Protests in Bosnia and Herzegovina in 2014 sparked newfound interest in the region and in the potential of citizen-led movements to elicit change in transitional societies. However, much of the academic literature in response has explored this episode with a focus on the protesters, their claims, organization, outputs, and potential to create long-lasting impact. On the other hand, elite responses to citizen-led protests are underexamined and undertheorized, particularly in post-conflict societies facing complex governance arrangements with high horizontal concentration of power. This article analyses how political elites in Bosnia and Herzegovina responded to episodes of contentious politics in the country. We explore the different ways protests were undermined by subnational elites in three cases utilizing process tracing and comparative analysis. Elites with higher levels of power concentration are better equipped to address contentious politics, as they are able to manage and control collective claim making, thus suppressing the domestication of competing norms on subnational levels to varying degrees.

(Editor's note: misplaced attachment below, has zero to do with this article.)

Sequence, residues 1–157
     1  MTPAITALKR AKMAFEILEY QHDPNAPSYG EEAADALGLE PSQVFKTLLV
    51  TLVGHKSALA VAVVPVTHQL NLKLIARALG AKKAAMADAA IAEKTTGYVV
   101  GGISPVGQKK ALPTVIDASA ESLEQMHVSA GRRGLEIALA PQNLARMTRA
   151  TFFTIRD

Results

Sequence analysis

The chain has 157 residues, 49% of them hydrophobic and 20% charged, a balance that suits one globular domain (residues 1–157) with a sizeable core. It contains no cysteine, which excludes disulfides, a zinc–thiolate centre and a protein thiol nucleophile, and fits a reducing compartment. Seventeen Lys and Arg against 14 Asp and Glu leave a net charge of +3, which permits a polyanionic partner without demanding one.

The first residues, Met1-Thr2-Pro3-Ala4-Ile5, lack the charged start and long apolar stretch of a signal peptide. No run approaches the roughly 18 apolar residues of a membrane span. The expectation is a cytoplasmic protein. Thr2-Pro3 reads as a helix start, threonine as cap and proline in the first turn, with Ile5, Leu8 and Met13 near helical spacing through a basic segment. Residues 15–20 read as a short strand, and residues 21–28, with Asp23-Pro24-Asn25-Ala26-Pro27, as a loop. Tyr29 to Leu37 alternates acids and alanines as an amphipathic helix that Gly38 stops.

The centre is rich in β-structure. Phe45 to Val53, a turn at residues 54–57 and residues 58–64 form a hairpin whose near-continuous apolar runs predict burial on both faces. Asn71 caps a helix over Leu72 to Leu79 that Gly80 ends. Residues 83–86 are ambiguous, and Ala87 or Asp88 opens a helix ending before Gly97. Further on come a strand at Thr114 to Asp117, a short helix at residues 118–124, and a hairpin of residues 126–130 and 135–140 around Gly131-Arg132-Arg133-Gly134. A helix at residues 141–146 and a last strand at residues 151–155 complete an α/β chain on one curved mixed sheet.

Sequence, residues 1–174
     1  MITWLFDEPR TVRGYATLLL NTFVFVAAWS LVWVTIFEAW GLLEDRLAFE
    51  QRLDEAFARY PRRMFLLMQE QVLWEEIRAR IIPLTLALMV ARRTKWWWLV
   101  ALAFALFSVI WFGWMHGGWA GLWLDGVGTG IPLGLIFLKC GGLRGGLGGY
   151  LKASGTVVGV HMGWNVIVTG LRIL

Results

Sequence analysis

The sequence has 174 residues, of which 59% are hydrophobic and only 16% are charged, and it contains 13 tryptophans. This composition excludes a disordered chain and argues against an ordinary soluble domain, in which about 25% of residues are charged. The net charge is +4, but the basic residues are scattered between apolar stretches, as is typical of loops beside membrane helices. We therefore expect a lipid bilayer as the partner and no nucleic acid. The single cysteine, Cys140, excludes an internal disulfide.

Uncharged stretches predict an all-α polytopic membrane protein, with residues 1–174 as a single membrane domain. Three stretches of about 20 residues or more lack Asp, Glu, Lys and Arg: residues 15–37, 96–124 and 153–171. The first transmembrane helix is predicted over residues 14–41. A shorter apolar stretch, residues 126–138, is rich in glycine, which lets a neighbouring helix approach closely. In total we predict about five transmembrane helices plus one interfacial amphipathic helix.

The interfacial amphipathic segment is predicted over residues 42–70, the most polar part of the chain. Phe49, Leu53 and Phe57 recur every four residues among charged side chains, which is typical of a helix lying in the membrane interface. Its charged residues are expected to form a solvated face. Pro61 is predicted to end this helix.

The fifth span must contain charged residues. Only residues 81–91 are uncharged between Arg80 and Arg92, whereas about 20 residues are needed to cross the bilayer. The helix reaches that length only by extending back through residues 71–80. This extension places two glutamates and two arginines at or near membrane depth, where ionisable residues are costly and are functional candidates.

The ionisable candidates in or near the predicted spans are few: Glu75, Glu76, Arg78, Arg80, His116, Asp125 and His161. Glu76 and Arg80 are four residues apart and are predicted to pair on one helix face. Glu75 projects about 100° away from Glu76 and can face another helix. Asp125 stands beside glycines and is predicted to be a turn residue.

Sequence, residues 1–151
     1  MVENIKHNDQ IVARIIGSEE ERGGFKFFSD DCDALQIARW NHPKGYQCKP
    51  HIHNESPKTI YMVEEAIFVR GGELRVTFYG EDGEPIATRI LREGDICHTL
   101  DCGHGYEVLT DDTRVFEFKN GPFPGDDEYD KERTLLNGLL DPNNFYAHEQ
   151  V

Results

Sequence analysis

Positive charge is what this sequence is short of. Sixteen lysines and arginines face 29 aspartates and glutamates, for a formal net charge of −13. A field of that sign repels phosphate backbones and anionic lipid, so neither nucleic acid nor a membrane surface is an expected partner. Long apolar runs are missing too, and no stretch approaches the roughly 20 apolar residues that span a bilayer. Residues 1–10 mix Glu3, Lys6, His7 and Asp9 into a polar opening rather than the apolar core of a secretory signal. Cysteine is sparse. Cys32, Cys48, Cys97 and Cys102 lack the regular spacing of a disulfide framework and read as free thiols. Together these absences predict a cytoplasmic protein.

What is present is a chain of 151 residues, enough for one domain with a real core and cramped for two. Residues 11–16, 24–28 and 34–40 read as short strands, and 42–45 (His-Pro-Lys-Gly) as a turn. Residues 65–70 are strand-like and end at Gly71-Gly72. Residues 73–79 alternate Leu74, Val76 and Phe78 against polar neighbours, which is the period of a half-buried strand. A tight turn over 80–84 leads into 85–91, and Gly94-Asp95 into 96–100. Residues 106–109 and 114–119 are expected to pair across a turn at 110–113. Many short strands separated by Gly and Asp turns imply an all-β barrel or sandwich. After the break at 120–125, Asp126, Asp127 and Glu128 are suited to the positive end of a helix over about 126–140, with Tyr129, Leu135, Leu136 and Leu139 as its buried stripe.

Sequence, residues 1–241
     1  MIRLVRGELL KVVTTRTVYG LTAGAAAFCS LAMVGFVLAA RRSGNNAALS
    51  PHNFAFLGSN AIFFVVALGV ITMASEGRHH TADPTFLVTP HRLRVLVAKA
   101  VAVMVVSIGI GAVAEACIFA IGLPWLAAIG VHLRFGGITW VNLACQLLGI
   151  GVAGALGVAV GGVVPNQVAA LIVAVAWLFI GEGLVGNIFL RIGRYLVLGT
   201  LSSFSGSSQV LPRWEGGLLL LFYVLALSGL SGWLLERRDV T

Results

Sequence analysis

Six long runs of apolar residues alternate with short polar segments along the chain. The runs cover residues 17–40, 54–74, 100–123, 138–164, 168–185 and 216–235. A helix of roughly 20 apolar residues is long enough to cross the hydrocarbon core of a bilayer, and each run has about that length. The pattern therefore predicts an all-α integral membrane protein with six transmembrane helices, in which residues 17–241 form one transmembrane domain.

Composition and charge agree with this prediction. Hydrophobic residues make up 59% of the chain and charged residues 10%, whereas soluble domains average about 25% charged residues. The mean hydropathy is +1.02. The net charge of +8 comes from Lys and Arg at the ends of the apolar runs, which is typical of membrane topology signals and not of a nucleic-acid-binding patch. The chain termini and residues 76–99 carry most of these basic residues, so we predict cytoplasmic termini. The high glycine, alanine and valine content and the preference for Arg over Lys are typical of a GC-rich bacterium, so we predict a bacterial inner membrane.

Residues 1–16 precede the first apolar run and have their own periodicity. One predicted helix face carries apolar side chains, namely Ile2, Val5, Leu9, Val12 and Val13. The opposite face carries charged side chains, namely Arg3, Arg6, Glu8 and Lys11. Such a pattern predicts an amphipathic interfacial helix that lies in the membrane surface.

Education is acknowledged as a component of transitional justice processes, yet details about how to implement education reform in postconflict societies are underexplored and politicized [King, Elisabeth. 2014. From Classrooms to Conflict in Rwanda. New York: Cambridge University Press]. Local and international actors often neglect the complicated nature of education reform in postconflict societies undergoing transitional justice processes [Jones, Briony. 2015. "Educating Citizens in Bosnia-Herzegovina: Experiences and Contradictions in Post-war Education Reform." In Transitional Justice and Reconciliation: Lessons from the Balkans, edited by Martina Fischer, and Olivera Simic, 193–208. New York: Routledge. Transitional Justice]. The role of the diaspora in transitional justice has been increasingly explored as a participatory transnational actor with influence and knowledge about local dynamics [Roht-Arriaza, Naomi. 2006. The Pinochet Effect: Transnational Justice in the Age of Human Rights. Philadelphia: University of Pennsylvania Press; Haider, Huma. 2008. “(Re)Imagining Coexistence: Striving for Sustainable Return, Reintegration and Reconciliation in Bosnia and Herzegovina. ”International Journal of Transitional Justice 3 (1): 91–113; Young, Laura, and Rosalyn Park. 2009.“ Engaging Diasporas in Truth Commissions: Lessons from the Liberia Truth and Reconciliation Commission Diaspora Project.” International Journal of Transitional Justice 3 (3): 341–361; Koinova, Maria, and Dženeta Karabegović. 2017.“ Diasporas and Transitional Justice: Transnational Activism from Local to Global Levels of Engagement.” Global Networks 17 (2): 212–233]. This article bridges academic literature about diaspora engagement and transitional justice, and education and transitional justice by incorporating the role of diaspora actors in post-conflict processes. Using empirical data from multi-sited field work in Bosnia and Herzegovina, Switzerland, Sweden, the United Kingdom, and France, it examines diaspora initiatives which aim to influence local transitional justice processes through translocal community involvement in education and youth policy. It argues that diaspora initiatives can provide alternative and intermediate solutions to the status quo in their homeland, with some potential for contributing to transitional justice and reconciliation processes. Ultimately, diaspora initiatives need support from homeland institutions in order to forward transitional justice agendas in post-conflict societies.